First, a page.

It occurred to a group of people in the greater Newport area that the stately old Veterans' Park, a horse racing venue with nice covered grandstands, would be one of the more ideal places they could race their heavy old car, most of which had the cages on the outside of the body. Officials of the track were not all that enthusiastic about he idea of this, particularly seeing as northern Vermont racing closely resembled a form of roller derby with small tanks.

Richardson Photo Courtesy of Scott Wheeler

This is the only image that even vaguely includes Veterans' Park. The track is the oval seen
 more to the upper right of the photo. Below – A typical photo of Veterans' Park action.

Courtesy of Al Hauver via Scott Wheeler

        Unlike racing at that time at tracks farther south in Vermont, the local racing up there almost encouraged banging and knocking one another off the track. A local newspaper article about the Enosburgh Speedway [very similar in cars and technique] stated: “Harold Baker of Enosburgh was reaching for the stars in the free for all race when Hal Cleveland of Lyndonville plowed into him, raising Baker's car at least ten feet off the ground...” Another line stated :”Pop Chaffee of Montgomery Center, while trying to gain a position, was crowded over a bank.”

        With this potential carnage in mind, Veterans' Park management made the stock cars race on a track that ran inside the original horse track and was separated from such by a snow fence. Judging from some photos of the action, this arrangement did not always keep the well – fortified stock cars on their own track. Most of the cars seen in a majority of the Veterans' Park photos shows cars looking very similar to those creating the carnage at Enosburgh [many WERE the same cars].

Hauver Family Photo via Scott Wheeler
This photo shows two things: The potential for chaos at the Veternas' Park stock car races
and the fans who figured out that they could see better if they abandoned the
grandstands and stood by the snow fence. So much for safety precautions. The
light - colored section in front of them was the horse track. Below - This shot
shows some of the lighter - weight, faster Chittenden County cars on the track in
Newport. It appears they had their own, separate race - perhaps to keep them
in one piece. The locals resented them.

Bob Bushey Family Photo via Jack Anderson

        Word did get out what easy pickings these lumbering car would be for the lighter, faster cars that ran both at the tracks around Burlington, Vermont and also at the Northfield track. Invasions of these '32 and '34 Ford coupes would take place more and more regularly at not only Veterans' Park but at Morrisville, Green Mountain Farms Raceway in Sheldon, and at Enosburgh. The locals naturally took umbrage to this and expended a lot of energy [and even a few bucks] endeavoring to knock these interlopers off into the giggly weeds [if they could catch them]. The behemoths, mostly being sedans, had larger motors but the spectacle of them chasing the lightweights was a lot like a rhino chasing a cheetah.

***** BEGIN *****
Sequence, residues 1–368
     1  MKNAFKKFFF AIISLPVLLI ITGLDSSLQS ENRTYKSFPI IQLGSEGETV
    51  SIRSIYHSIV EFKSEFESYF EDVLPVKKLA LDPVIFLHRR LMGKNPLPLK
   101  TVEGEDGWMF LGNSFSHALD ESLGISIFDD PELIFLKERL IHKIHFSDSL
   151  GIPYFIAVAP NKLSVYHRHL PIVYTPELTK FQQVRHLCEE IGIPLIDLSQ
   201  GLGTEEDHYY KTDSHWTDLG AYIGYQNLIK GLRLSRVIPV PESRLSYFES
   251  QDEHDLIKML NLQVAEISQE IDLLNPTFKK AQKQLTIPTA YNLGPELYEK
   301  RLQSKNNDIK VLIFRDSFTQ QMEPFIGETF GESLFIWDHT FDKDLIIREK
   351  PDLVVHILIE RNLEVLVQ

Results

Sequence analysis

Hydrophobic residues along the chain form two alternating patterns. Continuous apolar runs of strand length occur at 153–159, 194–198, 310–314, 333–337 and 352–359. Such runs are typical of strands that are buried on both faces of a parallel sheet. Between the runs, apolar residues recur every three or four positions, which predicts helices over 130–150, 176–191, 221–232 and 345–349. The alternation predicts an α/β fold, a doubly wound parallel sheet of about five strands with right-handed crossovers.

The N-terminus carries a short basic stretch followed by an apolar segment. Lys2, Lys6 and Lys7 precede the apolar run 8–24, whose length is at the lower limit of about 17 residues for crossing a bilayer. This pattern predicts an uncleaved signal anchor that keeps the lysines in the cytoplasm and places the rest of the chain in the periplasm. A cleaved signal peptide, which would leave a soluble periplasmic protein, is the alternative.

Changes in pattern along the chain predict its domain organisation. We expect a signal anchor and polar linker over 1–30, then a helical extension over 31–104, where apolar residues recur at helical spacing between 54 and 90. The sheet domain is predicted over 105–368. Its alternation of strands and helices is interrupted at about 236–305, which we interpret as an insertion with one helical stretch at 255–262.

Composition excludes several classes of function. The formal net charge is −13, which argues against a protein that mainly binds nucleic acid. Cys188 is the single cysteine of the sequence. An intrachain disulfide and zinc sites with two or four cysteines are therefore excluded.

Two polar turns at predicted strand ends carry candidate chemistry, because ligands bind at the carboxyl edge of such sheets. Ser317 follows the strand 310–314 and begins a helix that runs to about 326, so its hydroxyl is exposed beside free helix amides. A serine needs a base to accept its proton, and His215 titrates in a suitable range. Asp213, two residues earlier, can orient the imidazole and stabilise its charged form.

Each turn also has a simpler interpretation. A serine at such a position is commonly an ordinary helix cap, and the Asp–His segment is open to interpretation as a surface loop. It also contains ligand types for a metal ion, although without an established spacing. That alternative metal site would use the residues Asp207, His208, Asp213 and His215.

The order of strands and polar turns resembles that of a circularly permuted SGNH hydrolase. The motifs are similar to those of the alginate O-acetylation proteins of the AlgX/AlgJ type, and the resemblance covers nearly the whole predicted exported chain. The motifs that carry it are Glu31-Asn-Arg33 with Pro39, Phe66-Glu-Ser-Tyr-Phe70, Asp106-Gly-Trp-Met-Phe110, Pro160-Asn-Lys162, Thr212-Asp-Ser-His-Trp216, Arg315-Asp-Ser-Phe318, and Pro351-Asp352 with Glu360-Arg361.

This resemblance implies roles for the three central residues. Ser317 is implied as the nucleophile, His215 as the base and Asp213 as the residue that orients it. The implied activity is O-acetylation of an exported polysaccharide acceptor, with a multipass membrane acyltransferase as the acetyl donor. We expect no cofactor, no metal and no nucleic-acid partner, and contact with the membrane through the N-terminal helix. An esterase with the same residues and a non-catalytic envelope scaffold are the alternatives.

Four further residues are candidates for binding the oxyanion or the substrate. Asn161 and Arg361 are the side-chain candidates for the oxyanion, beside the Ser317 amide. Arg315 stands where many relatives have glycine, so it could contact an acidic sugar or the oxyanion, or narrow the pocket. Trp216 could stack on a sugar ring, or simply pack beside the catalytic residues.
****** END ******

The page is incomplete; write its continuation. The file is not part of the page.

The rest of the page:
Because of the friction between the two styles of racers, there had been a pretty serious riot at the short – lived [and possibly never – named] Morrisville track that had to be broken up by the National Guard – which had luckily been drilling nearby. Veterans' Park officials and the leaders of the club that was running the Newport races had to take some elaboratge precautions to ensure that this did not happen at the more sedate Newport track.

Courtesy of Ken Hitchcock via Scott Wheeler
This a fairly typical Veterans' Park car. The driver poses proudly with what was actually
a fairly effective helmet. Most of them used an old football helmet. Below - A few
of the Veterans' Park regulars did make the transition to better stlocks cars, although
this didn't do him much good when he invaded the Twin State Jalopy track at
West Lebanon, NH and was nailed by resentful locals.

Courtesy of Bill Baker

        Photos of the racing at Veterans' Park seem to have come mostly from two sources: the majority of the scenes from within the stands are from someone in Burlington racer Bob Bushey's group; the others came from contributors like racers Bert Hauver and Ken Hitchcock. The grandstand shots serve to show what a poor line of sight those spectators had due to peering over two fences and the horse track to see the hectic action unfolding before them.

        Racing at Veterans' Park lasted through those frantic years of the earliest 1950's and then died out [as did most of the early 20+ early tracks all over Vermont]. Some of the Veterans' Park teams adapted to the lighter, racier cars and continued to race elsewhere. While it lasted, that facility could at least claim that it had the best spectator seating in the state [even if they couldn't see much from it].

Newport Daily Express
This 1953 shot shows Norm Chaloux, another invader from the Barre, VT area winning a trophy. The musculalr granite
cutter drove Armand LaQuerre's Rocket 88 - shown in the background. Below -  This infield shot, with the Frank
Hart family seated in the pickup in the foreground, shows the grandstands at Newport.

Courtesy of the F.E. Hart Family via Arnie Hill

        The next track had a fair run, but still did not make it out of the earliest days of stock car racing. Philadelphia, PA had gone through a series of sports stadiums as its number of c ollege and professional sports teams ebbed and flowed. At one ppoint, it had two professional baseball teams [the Phillies and the Athletics]. Then, the still – struggling National Football League landed a franchise in the Philadelphia area.